Larry and Robert Irene outdid themselves with this 10th annual event, which had an astounding 3,000+ attendees. All facets of the industry were represented, making for top-quality networking and meetings. (Loved the lounge, BTW.) And the Wynn, my favorite Vegas hotel, never disappoints.
As usual, the meeting shed light on where the specialty market is heading. In violation of Vegas code, I'll tell you what happened there … or at least the part related to specialty pharmacy. Read on for my seven trends for specialty pharmacy's future, plus a bonus photo of me with two notable conference attendees.
SEVEN TRENDS YOU CAN BET ON
1) The specialty pharmacy gold rush is on. “Specialty pharmacy” is a business decision—not a regulatory or statutory definition. Thus, Armada’s attendance has exploded, along with the competition for dispensing specialty drugs. The players include pharmacy benefit managers, retail drugstore chains, health plans, pharmaceutical wholesalers, physician practices, hospital systems, and independent specialty pharmacies. At the summit, I met people from all of these organizations. For more on the factors driving the growth, see Chapter 8 of the 2013-14 Economic Report on Retail, Mail, and Specialty Pharmacies.
2) Manufacturers are all in. At the summit, pharmaceutical manufacturers had a bigger presence than ever before. Manufacturers’ specialty pipelines drew people from many functional areas—trade, managed markets, payer marketing, brand marketing, and others. (As I discuss below, manufacturers’ uncertainty about organizational structure also boosted attendance, by drawing people from so many diverse areas.) This year, Armada cemented its reputation as the key destination for manufacturers’ specialty account management activities. I wonder if the traditional pharmacy trade associations regret having ceded to Armada the specialty market access and trade meetings.
3) Specialty pharmacies are specializing. Smaller specialty pharmacies have traditionally focused on open distribution drugs in such therapeutic categories as hepatitis C, multiple sclerosis, HIV, and transplant. Given growing competition, these smaller players are focusing on differentiating themselves so that they can access limited distribution products. Some are emphasizing a geographic niche, by partnering with regional insurers, hospitals, and health systems. Others are using disease-state expertise.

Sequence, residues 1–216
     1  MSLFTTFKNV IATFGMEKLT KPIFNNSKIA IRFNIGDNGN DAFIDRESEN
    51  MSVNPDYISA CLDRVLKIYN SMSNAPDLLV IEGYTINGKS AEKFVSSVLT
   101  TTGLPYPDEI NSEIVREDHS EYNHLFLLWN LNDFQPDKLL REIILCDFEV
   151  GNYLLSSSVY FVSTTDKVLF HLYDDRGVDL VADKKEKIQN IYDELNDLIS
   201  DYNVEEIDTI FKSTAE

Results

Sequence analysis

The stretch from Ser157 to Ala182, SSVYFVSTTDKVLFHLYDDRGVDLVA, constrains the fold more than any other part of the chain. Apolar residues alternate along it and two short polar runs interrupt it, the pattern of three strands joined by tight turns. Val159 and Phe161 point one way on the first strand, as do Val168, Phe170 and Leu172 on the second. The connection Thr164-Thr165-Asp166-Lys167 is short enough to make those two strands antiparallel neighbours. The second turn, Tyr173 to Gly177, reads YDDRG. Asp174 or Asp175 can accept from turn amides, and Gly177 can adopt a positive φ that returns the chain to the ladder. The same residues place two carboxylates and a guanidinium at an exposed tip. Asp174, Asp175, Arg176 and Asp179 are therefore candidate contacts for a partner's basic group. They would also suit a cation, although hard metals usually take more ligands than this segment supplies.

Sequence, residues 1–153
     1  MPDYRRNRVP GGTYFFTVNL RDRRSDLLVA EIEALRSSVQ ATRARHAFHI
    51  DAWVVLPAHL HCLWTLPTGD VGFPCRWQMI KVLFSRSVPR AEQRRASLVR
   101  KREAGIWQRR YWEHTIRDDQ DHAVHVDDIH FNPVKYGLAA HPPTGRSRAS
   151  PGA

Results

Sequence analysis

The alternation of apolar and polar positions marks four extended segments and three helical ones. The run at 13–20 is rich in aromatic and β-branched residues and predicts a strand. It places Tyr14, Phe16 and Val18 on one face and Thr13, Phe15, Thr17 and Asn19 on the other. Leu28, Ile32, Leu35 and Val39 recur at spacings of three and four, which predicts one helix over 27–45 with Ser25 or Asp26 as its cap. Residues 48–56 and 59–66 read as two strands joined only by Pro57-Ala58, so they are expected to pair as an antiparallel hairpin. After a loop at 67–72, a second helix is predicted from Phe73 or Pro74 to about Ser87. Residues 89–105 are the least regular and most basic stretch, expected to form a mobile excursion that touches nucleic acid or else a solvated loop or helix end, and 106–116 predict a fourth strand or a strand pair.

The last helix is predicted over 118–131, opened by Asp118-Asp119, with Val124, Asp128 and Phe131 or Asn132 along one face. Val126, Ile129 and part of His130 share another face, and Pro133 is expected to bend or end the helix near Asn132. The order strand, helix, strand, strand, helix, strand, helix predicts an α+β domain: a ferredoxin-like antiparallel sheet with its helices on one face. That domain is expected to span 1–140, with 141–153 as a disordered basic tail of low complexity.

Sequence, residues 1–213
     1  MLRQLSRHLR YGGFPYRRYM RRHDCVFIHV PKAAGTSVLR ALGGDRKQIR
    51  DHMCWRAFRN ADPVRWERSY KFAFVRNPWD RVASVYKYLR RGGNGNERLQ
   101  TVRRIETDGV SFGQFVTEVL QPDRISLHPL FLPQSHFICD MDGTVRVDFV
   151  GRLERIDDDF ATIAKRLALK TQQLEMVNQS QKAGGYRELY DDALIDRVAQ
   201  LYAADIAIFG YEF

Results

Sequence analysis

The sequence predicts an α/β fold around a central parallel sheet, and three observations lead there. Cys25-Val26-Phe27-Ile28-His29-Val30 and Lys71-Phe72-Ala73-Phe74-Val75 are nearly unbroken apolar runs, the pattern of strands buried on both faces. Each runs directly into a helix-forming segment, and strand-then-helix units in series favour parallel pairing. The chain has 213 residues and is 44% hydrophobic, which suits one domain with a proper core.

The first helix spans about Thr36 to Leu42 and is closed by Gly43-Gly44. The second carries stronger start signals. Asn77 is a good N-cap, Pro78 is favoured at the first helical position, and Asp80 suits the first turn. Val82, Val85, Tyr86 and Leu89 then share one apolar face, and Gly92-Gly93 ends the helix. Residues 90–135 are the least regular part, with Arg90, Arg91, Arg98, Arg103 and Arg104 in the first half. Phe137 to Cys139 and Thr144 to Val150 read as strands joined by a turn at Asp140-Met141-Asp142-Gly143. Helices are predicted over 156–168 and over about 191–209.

Smaller specialty pharmacies are also strongly emphasizing their self-professed service advantages over the largest players (especially Accredo, Caremark, and Walgreens). My hallway conversations, however, reinforced some specialty pharmacies’ service quality challenges, as I have shared on Drug Channels in Health Plans Get No Satisfaction From Specialty Pharmacies and Employers Pick Specialty Pharmacies Over Retail Drugstores—For Now.
4) The battle to control the patient journey is intensifying. Every specialty market player wants to lead patient care services. At this year’s Armada conference, newer market entrants—health systems, physicians, technology companies, retailers, and others—all argued for a more prominent strategic patient role. Meanwhile, the long-running services tug-of-war between hub providers and specialty pharmacies is escalating. Some specialty pharmacies are launching their own hubs. These developments will challenge the conventional wisdom about channel design and force manufacturers’ commercial strategies to evolve.